That first idea, though, that Whites are necessarily the victims of discussions of racism, is central to the political appeal.

There has long been a link between concern over discrimination against Whites and right-wing or Trumpian politics. In March, the Pew Research Center asked Americans how much discrimination they believed different racial and ethnic groups faced. Overall, most respondents said Black, Asian and Hispanic Americans faced more discrimination than Whites. More than half of Republicans, though, said that all four groups faced at least some discrimination. A quarter of Republicans said White Americans faced a lot of discrimination — a higher percentage than said the same for any other racial group.

The political target in the pushback against critical race theory isn’t simply convincing Republicans. According to NBC’s report, it’s in part to create an environment that engages parents and forces change at the school-board level. As NBC’s report notes, former Trump adviser Stephen K. Bannon recently declared that the “path to save the nation” ran through school boards. There has been a surge in recall efforts targeting school board members as parents (aided by national groups or, in some cases, by the local Republican Party) seek to revamp educational leadership.

School boards have also been increasingly mentioned on Fox News this year. (The spike on the graph below is likely a function of the data for this week including only mentions through Tuesday.)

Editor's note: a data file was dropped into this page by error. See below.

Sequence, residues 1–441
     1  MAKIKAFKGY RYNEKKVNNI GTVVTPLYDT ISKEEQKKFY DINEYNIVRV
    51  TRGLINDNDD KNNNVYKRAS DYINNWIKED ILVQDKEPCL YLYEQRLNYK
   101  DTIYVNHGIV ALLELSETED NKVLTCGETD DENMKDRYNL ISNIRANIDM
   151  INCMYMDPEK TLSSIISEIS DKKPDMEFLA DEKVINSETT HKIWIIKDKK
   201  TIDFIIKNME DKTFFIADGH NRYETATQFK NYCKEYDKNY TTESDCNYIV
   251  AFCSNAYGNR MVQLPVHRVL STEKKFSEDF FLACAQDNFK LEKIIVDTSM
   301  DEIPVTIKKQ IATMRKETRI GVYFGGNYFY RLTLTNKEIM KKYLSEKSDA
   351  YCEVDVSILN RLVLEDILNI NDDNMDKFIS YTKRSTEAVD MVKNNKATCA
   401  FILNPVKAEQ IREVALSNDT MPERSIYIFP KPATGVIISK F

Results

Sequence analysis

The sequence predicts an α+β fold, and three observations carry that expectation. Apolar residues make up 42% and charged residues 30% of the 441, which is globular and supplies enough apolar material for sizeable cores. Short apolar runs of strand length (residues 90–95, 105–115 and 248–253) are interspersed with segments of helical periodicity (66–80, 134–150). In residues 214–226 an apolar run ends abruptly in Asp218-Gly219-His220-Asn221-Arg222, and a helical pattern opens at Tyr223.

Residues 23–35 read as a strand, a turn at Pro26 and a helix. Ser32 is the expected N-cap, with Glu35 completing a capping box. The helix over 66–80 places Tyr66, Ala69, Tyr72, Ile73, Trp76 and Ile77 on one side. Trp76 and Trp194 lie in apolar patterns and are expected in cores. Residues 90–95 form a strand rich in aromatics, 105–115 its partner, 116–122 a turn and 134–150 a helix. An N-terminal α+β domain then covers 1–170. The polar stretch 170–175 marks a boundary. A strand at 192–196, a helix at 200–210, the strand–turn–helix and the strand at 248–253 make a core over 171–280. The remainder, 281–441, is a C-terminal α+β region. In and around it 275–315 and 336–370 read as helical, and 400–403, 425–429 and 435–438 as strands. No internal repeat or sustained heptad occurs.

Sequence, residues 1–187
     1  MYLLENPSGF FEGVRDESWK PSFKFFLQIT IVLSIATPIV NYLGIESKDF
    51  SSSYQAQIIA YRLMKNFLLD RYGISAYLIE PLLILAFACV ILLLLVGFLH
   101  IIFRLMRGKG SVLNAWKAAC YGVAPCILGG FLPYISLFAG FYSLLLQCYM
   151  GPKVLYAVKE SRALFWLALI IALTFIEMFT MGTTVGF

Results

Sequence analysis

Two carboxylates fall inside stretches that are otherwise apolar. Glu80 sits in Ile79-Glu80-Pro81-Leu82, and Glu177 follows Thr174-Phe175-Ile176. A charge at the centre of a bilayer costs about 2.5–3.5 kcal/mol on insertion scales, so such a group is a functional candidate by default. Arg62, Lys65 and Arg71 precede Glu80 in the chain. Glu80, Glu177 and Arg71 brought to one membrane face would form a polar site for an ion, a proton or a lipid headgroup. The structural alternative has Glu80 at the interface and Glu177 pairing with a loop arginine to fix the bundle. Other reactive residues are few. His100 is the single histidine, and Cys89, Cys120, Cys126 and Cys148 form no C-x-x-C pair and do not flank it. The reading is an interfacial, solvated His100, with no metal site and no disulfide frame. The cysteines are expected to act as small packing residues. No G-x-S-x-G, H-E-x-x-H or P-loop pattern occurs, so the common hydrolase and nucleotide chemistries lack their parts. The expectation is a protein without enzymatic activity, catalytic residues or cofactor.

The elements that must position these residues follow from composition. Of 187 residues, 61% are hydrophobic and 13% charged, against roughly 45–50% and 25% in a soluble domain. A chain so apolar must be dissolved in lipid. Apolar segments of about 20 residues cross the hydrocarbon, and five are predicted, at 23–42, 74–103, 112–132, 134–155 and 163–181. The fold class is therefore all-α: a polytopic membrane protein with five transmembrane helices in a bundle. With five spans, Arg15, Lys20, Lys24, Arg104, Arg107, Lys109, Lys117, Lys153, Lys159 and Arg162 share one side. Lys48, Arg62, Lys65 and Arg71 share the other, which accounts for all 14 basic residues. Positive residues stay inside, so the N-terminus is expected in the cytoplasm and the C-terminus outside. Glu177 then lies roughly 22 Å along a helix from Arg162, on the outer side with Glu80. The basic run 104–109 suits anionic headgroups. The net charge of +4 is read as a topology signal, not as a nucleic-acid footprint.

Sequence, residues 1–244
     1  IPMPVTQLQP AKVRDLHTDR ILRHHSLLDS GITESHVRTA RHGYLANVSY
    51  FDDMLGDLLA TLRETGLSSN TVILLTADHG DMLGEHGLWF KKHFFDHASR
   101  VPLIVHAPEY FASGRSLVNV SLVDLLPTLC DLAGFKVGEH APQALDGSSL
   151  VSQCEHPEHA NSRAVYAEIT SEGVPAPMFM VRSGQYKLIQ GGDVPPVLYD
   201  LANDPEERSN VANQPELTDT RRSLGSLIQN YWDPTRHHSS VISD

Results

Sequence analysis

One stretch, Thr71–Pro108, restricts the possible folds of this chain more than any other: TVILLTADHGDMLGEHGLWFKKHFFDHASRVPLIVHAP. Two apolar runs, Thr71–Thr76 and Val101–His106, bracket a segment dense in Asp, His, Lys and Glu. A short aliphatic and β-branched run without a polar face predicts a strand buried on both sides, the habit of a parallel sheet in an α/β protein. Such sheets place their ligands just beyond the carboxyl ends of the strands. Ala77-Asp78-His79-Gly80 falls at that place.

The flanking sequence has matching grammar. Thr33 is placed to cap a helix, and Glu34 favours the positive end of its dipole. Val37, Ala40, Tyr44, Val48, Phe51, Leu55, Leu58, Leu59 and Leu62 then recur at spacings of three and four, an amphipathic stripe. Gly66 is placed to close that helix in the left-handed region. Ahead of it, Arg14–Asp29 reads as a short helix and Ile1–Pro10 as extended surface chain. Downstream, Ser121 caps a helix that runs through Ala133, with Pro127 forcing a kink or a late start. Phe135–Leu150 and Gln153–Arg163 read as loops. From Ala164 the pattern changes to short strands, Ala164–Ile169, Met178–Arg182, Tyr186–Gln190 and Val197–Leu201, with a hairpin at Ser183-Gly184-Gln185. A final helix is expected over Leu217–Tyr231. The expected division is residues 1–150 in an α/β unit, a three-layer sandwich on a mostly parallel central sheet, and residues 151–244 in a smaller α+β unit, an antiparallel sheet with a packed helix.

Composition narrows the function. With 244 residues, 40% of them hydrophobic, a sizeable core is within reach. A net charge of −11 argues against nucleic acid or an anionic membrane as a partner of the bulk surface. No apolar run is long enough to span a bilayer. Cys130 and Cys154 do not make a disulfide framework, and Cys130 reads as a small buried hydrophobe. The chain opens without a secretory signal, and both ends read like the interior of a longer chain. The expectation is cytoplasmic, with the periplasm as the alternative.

Trump’s campaign approach to critical race theory made obvious the overlap between views of traditional America and a particular approach to America’s legacy of racism. This is a flavor of the same overlap that powered his “make America great again” pitch in 2016, of course: an effort to stymie an America that was changing in ways that in part reflected its increasing diversity.

We are seeing that expand outward. New focus on racism leads to a new defensiveness. There’s a pushback against that focus, which itself gets blanketed by the appropriated term “woke.” Efforts to teach children about racism, from the well-structured to the clumsily intentioned, are framed as dangerous or dishonest. White parents get ensnared in a tactical pincer — their race on one side, their children on the other — that may aid the Republican Party.

Sometimes, of course, the subtext isn’t subtle.

“This is still the greatest country that’s ever, ever been in the history of the world,” Pringle told Whitmire. “And the radical left is trying to destroy that and tear us apart and divide this country based on race and class.”

Through critical race theory, whatever that is.